Fear of losing my eyesight was the contributing factor in my decision to wait as long as I did to have my lasik eye surgery (new technoligies now make it so much easier than 15 years ago), so not having my sight would be far worse for me than not being about to hear. Sorry to hear that he has lost sight in one eye, hopefully whatever reason caused the loss of one eye will not cause the loss of the other.
Thanks raraavis ! They did every test known to man and there was O cause for it. No tumour, no diabetes, no high blood pressure, no blocked artery...They said it was just a freak thing almost as if his eye had a stroke of sorts. They think the other eye will be fine (knock on wood) but the right eye will never see again. So he'll have a beautiful but useless blue eye. He's handling well; which is urprising...I wouldn't handle it as good.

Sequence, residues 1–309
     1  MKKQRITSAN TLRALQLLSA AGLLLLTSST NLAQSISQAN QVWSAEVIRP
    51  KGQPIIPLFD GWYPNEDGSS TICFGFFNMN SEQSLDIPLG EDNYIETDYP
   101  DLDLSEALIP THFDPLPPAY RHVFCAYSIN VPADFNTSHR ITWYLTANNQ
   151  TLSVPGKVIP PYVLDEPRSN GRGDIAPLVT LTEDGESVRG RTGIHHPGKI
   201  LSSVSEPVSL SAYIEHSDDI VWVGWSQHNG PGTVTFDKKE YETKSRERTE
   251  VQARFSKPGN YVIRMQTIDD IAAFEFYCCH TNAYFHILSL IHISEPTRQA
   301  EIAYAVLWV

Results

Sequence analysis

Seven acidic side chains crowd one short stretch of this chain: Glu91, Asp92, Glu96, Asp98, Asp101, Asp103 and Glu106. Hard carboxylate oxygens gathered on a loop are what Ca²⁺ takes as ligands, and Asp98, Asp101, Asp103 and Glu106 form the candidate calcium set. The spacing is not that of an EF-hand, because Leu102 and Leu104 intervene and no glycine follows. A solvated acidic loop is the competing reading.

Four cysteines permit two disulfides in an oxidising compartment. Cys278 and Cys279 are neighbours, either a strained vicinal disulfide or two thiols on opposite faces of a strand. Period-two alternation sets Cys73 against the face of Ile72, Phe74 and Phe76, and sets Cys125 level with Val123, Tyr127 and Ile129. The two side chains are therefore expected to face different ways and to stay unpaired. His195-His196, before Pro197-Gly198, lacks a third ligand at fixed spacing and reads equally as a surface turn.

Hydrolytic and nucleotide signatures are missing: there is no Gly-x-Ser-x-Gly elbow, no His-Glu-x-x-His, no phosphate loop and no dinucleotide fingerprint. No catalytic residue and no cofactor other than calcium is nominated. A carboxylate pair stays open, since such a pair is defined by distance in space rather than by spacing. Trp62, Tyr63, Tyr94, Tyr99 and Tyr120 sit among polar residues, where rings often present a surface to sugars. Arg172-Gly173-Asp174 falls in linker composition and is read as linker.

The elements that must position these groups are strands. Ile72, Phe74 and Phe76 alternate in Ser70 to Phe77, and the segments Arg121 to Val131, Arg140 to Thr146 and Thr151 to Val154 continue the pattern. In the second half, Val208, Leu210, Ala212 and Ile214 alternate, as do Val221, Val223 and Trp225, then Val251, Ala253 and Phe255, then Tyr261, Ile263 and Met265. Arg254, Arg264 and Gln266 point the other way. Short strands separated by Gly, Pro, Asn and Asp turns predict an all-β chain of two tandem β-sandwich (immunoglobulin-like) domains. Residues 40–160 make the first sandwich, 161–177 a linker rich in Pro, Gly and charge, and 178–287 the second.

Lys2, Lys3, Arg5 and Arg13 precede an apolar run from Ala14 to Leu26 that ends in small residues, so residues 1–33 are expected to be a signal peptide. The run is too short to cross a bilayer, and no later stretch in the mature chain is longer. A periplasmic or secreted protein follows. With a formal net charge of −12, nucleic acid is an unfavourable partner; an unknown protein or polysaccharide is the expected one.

Thanks Diane- No ause could be found...but it could always be worse. Perspective is everything in such situations and he isn't doing the self pity thing at all. He has a positive attitude about it which I think can only help.
Thanks Heath! Fortunately he can still work, drive etc. The other eye has fully compensated. At first when he went to drive I was so scared..I was afraid his vision would not be good enough with the one eye to function well as a driver. Thankfully he drives just as well with one eye as he did with two. It was rough at first since it too some time for his left eye to take over the burden..he did suffer horiible headaches.
Things like that area really scary. My friend, Jadie, woke up one morning and found she was completely deaf in one ear. Doctors were never able to offer an explanation or fix. It's rare and called "sudden deafness".